US military aid to PH increases in 2015-2016

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US military aid to PH increases in 2015-2016
It is the biggest sum given by Washington to Manila since American troops returned here in 2002, according to a Reuters report

MANILA, Philippines – The United States poured into the Philippines a record amount of money for security assistance from 2015 to 2016, according to a Reuters report.

For the US fiscal year of October 1, 2015, to September 30, 2016, the US gave the Philippines over $127 million in security assistance. According to Reuters, it was the biggest sum given by the superpower to its Southeast Asian ally since American troops returned here in 2002.

The amount was a 154% increase from the military assistance that Washington gave Manila during the 2014-2015 fiscal year, which was pegged at around $50 million.

Citing information from the US embassy, Reuters reported that $50 million went to foreign military financing, $1.9 million to international military education and training, $42 million to maritime security initiative, and $33.2 million to counter terrorism activities.

“The aid boost went mostly into items such as communications equipment, small arms, replacement parts for hardware and coastal radar for maritime security,” read the Reuters report.

The disclosure comes as relations between the two countries entered a rather uncertain chapter, given President Rodrigo Duterte’s constant tirades against the Western power.

Duterte, who was elected in May 2016 elections, has resented the United States’ criticism of his administration’s war on drugs that have led to more than 6,000 deaths to date.

The report said America’s increased spending on Philippine military aid was finalized when outgoing US President Barack Obama visited Manila in 2015, during the term of Philippine President Benigno Aquino III.

The US and the Philippines are longtime allies, particularly when it comes to the tension over the West Philippine Sea (South China Sea), which China practically claims as its own. The Reuters report noted that the amount was part of a “renewed commitment made to Manila in a 2014 Enhanced Defence Cooperation Agreement (EDCA).”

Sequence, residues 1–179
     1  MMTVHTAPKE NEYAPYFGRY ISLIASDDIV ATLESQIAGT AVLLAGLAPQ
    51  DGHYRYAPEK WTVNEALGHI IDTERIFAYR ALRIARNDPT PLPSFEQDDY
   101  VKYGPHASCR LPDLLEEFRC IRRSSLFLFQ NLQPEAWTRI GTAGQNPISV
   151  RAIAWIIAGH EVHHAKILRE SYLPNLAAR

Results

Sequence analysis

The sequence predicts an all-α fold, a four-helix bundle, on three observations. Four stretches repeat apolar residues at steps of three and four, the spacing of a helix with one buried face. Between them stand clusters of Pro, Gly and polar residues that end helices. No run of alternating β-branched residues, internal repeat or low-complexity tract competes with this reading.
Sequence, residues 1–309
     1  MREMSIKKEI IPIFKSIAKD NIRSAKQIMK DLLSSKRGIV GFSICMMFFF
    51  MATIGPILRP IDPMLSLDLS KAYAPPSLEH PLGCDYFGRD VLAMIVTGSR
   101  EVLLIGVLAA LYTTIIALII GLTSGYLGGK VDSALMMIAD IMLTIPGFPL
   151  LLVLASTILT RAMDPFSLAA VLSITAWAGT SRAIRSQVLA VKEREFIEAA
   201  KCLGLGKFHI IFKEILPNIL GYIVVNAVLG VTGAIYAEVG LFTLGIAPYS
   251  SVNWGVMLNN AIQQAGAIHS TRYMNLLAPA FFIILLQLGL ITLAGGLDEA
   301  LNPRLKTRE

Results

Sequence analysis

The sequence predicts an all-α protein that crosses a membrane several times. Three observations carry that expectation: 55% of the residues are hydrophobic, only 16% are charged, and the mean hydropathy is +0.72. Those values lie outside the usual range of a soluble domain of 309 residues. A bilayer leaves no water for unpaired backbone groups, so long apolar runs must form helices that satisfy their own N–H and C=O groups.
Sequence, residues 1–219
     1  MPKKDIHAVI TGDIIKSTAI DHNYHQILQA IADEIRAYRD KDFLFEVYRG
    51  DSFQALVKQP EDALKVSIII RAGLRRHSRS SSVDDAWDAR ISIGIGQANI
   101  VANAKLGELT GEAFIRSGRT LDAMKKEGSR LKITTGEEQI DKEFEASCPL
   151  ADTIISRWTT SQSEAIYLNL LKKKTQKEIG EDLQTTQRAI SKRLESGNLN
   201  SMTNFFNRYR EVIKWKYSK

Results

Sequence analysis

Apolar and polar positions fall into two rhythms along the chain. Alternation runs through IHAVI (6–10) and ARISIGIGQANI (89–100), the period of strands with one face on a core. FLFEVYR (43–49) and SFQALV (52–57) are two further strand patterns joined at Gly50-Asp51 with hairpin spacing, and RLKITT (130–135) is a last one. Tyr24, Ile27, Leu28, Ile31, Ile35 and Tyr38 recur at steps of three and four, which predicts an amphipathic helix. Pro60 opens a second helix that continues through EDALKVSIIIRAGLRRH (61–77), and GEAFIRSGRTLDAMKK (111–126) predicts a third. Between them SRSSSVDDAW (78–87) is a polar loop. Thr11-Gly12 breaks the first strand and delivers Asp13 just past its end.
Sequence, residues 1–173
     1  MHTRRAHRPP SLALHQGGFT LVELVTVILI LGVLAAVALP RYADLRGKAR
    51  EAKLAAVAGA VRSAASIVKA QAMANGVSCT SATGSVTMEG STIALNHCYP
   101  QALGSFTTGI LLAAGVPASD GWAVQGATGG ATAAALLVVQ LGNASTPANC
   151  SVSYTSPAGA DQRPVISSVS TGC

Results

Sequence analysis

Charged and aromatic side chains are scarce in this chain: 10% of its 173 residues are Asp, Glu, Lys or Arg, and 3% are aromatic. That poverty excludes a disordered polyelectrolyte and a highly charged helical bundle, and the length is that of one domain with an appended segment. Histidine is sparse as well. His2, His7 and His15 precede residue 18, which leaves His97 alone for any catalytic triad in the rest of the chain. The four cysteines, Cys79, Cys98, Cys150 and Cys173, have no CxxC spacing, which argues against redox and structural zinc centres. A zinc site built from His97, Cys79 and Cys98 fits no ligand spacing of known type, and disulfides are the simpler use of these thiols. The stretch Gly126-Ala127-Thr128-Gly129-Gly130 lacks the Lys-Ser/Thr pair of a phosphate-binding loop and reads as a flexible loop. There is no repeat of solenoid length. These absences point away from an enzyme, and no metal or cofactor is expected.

Duterte, meanwhile, has triggered an apparent pivot from the US to Russia and China. The President has said that he wants to procure equipment from those two countries rather than depend on the US.

Obama and Duterte were supposed to meet on the sidelines of an Association of Southeast Asian Nations (ASEAN) summit in September, but it was scrapped after Duterte’s harsh words directed toward the US.

The US president had said he would confront Duterte over the killings made in the name of his war on drugs. From July 1 to December 23, more than 6,000 deaths have been linked – either directly or indirectly – to the nationwide campaign against illegal drugs.

US politicians have expressed concern over the possible use of American money in the Philippine war on drugs.

“We urge the US to denounce these horrific violations of basic human rights, and ensure that no foreign assistance is being provided to support egregious acts against humanity,” said Democrat senators Edward Markey and Chris Coons, and Republican Marco Rubio, according to Reuters.

The US has yet to finalize the military assistance for the Philippines in the coming fiscal year.

US concern over the killings in the drugs war may affect the Philippine National Police’s planned procurement of rifles from a US manufacturer. –

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